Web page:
Why have living standards stagnated and inequality increased?

Apr 26, 2023
Coin stacking on smiley face and sad face.

Failure to adequately tax mining super profits has greatly damaged the Australian economy.

Living standards have stagnated in the last decade or so, while inequality has increased. This article argues that the two are related and that the concentration of profit growth in the mining sector is an obvious reason why the increase in inequality was so much worse here in Australia than elsewhere.

The rise in inequality

In a recent article, (Pearls & Irritations, 18 April), David Richardson and Matt Grudnoff reported their findings that in the pre-Covid decade between 2009 and 2019, 93 per cent of real economic growth per adult in Australia went to the top 10 per cent of the income distribution and the other 90 per cent of the adult population received only 7 per cent.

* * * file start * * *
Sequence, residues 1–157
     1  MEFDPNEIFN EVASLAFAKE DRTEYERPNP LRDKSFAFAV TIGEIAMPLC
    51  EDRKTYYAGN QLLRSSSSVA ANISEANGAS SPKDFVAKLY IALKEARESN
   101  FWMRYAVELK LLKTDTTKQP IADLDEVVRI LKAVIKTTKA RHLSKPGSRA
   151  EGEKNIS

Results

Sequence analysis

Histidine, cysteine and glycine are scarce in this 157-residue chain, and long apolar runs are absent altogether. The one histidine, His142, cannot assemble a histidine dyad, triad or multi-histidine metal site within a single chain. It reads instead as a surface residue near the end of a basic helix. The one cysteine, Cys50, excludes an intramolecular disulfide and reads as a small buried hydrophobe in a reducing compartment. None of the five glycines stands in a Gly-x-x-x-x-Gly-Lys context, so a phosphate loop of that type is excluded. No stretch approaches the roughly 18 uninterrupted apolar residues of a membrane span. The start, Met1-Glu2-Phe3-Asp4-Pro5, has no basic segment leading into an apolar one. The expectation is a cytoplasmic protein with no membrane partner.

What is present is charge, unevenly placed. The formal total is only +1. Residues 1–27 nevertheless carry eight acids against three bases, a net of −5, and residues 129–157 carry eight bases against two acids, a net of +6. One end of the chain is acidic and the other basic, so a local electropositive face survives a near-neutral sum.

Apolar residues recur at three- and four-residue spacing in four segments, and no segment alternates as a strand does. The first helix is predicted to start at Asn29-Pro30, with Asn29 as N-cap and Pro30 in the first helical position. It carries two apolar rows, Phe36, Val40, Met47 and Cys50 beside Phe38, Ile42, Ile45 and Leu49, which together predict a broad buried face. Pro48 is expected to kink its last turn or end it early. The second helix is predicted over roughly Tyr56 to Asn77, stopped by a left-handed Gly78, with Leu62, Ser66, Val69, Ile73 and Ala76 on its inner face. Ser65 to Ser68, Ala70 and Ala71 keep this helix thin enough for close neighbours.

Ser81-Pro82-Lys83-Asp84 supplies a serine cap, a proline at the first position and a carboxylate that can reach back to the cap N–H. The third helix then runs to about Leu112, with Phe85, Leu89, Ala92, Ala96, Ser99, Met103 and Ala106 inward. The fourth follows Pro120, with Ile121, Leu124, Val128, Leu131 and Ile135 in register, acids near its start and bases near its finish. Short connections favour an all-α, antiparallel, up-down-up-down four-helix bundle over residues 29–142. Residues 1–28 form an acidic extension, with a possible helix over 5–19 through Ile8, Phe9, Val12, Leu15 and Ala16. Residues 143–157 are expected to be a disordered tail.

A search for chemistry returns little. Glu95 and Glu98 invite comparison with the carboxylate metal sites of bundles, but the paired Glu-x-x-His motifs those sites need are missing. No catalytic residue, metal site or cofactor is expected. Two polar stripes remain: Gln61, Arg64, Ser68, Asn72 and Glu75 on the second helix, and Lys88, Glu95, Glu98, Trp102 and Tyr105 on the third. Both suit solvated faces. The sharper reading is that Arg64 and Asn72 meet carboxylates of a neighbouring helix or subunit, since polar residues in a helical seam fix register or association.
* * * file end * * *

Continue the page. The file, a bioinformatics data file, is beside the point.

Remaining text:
Furthermore, this very unequal distribution of the benefits of economic growth between 2009 and 2019 was unusual. In all previous economic cycles since World War II, the bottom 90 per cent of the Australian income distribution got more than half of the total increase in real GDP, and in most cycles they received much more than half and close to their proportionate share.

Also, this unequal sharing of the increase in incomes over the last decade was much worse in Australia than elsewhere. In other major countries and the EU, the top 10 per cent of the income distribution got less than half the fruits of economic growth over the pre-Covid decade. In China the top 10 per cent got just over half, but that was still far less than the 93 per cent in Australia.

We are continually admonished that if we want to lift living standards then we must increase productivity, but the implicit assumption is that the benefits of economic growth based on rising productivity will be proportionately distributed, or close to that. So, why was the most recent economic cycle so different?